The Fourth Amendment to the United States Constitution guarantees citizens the right "to be secure in their persons . . . against unreasonable searches and seizures." U.S. CONST. amend. IV. A citizen who alleges that she has been subjected to an unreasonable search or seizure in violation of the Fourth Amendment may seek redress under Section 1983. See Graham v. Connor, 490 U.S. 386, 394 (1989). As Judge Urbina has explained:

[I]n determining whether a detention has occurred within the meaning of the Fourth Amendment, the Supreme Court has recognized three types of police-citizen encounters; (1) a full-scale arrest, which must be supported by probable cause, (2) a brief investigatory detention which must be supported by reasonable suspicion, and (3) a brief police-citizen encounter, which requires no justification.

Cotton v. District of Columbia, 541 F. Supp. 2d 195, 202 (D.D.C. 2008) (internal quotation marks and citation omitted).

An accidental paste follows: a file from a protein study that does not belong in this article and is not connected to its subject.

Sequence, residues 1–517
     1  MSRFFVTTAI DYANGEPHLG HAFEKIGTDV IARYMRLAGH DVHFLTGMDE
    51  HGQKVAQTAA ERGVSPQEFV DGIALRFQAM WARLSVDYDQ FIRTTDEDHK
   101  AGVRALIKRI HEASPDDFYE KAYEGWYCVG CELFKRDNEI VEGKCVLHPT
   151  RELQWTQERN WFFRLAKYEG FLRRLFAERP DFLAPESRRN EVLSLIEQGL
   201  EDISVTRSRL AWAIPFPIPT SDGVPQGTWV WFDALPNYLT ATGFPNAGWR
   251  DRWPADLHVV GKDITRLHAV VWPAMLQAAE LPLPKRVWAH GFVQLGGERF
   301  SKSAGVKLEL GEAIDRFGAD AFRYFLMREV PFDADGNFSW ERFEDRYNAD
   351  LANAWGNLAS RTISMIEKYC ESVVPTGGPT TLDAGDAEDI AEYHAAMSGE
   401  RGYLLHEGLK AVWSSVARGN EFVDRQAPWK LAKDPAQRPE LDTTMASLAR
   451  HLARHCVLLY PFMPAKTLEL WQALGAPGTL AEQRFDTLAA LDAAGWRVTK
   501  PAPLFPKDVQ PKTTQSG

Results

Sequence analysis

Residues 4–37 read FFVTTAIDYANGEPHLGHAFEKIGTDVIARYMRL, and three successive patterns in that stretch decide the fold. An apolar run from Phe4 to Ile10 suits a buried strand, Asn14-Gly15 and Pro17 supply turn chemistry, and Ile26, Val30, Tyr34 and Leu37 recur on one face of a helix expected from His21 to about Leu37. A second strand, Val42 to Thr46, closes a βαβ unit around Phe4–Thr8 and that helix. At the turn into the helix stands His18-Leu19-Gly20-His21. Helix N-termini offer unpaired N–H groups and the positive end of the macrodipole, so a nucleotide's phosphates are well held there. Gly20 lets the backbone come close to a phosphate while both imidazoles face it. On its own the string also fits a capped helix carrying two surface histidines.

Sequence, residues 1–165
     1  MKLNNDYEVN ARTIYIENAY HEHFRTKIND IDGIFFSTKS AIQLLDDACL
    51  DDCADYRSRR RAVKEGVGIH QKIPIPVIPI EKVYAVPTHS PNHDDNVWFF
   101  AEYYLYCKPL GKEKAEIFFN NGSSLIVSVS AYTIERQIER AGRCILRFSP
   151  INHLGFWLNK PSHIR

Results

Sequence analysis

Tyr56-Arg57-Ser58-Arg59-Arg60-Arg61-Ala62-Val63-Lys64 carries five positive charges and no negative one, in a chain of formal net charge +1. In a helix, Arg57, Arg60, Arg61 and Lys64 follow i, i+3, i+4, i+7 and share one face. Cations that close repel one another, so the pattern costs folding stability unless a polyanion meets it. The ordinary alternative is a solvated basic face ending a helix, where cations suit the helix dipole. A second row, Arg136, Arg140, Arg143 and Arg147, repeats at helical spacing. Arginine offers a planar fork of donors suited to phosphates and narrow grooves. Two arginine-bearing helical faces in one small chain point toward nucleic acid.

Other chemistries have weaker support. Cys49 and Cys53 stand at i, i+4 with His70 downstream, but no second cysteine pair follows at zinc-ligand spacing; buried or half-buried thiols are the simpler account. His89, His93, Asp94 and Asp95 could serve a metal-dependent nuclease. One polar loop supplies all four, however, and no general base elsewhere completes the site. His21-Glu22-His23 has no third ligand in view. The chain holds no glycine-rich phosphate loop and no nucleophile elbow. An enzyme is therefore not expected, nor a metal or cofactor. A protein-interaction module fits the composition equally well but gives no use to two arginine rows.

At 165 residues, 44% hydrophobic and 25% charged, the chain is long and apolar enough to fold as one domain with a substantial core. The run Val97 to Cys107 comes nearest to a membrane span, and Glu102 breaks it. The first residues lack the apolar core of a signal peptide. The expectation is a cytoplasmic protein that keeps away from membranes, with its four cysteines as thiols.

While Officer Ha is correct to argue that a police officer needs only "a minimal level of objective justification" in order to effect a Terry stop, United States v. Goddard, 491 F.3d 457, 460 (D.C. Cir. 2007), she is incorrect to argue that on her motion to dismiss the Court may conclude that she did effect a Terry stop, and that she did have sufficient justification for effecting that stop. The problem with Officer Ha's attack on Ms. Chen's Section 1983 claim is that it asks the Court to go behind Ms. Chen's complaint, decline to draw any inferences in Ms. Chen's favor, and accept Officer Ha's version of events. On a motion to dismiss for failure to state a claim, however, the Court must assume the truth of Ms. Chen's allegations and grant her the benefit of all reasonable inferences. Applying that standard, the Court cannot conclude that Ms. Chen has failed to adequately allege that she was subjected to either an unjustified arrest or an unjustified Terry stop. The factual record developed through discovery will make clear precisely what sort of seizure Ms. Chen experienced, and whether Officer Ha had sufficient justification for executing that seizure.